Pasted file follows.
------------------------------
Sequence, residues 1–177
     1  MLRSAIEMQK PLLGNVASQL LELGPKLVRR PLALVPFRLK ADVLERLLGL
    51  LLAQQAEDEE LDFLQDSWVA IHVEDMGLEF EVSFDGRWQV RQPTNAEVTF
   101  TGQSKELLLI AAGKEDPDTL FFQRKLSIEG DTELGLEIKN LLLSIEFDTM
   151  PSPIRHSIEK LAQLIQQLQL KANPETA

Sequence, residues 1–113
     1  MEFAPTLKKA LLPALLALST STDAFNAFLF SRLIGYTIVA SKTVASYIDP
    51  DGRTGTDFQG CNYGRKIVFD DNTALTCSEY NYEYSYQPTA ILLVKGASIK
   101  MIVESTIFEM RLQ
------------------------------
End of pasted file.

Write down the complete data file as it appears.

Sequence, residues 1–177
     1  MLRSAIEMQK PLLGNVASQL LELGPKLVRR PLALVPFRLK ADVLERLLGL
    51  LLAQQAEDEE LDFLQDSWVA IHVEDMGLEF EVSFDGRWQV RQPTNAEVTF
   101  TGQSKELLLI AAGKEDPDTL FFQRKLSIEG DTELGLEIKN LLLSIEFDTM
   151  PSPIRHSIEK LAQLIQQLQL KANPETA

Sequence, residues 1–113
     1  MEFAPTLKKA LLPALLALST STDAFNAFLF SRLIGYTIVA SKTVASYIDP
    51  DGRTGTDFQG CNYGRKIVFD DNTALTCSEY NYEYSYQPTA ILLVKGASIK
   101  MIVESTIFEM RLQ